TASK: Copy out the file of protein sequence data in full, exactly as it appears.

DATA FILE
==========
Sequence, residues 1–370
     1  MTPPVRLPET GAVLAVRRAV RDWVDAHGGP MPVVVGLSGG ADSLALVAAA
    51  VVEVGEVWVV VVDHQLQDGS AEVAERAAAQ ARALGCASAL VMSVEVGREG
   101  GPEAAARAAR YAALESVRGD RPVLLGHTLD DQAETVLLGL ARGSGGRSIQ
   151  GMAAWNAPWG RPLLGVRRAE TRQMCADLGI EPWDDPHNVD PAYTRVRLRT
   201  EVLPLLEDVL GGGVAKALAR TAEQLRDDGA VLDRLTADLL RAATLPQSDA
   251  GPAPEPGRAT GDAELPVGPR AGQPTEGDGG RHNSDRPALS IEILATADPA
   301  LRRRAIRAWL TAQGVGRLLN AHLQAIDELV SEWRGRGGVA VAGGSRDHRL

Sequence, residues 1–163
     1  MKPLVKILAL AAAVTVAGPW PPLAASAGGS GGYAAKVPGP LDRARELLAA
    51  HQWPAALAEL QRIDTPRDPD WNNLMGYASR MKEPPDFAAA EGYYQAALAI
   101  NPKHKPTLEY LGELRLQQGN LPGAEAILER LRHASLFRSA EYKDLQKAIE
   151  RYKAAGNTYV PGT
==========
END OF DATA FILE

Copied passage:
Sequence, residues 1–370
     1  MTPPVRLPET GAVLAVRRAV RDWVDAHGGP MPVVVGLSGG ADSLALVAAA
    51  VVEVGEVWVV VVDHQLQDGS AEVAERAAAQ ARALGCASAL VMSVEVGREG
   101  GPEAAARAAR YAALESVRGD RPVLLGHTLD DQAETVLLGL ARGSGGRSIQ
   151  GMAAWNAPWG RPLLGVRRAE TRQMCADLGI EPWDDPHNVD PAYTRVRLRT
   201  EVLPLLEDVL GGGVAKALAR TAEQLRDDGA VLDRLTADLL RAATLPQSDA
   251  GPAPEPGRAT GDAELPVGPR AGQPTEGDGG RHNSDRPALS IEILATADPA
   301  LRRRAIRAWL TAQGVGRLLN AHLQAIDELV SEWRGRGGVA VAGGSRDHRL

Sequence, residues 1–163
     1  MKPLVKILAL AAAVTVAGPW PPLAASAGGS GGYAAKVPGP LDRARELLAA
    51  HQWPAALAEL QRIDTPRDPD WNNLMGYASR MKEPPDFAAA EGYYQAALAI
   101  NPKHKPTLEY LGELRLQQGN LPGAEAILER LRHASLFRSA EYKDLQKAIE
   151  RYKAAGNTYV PGT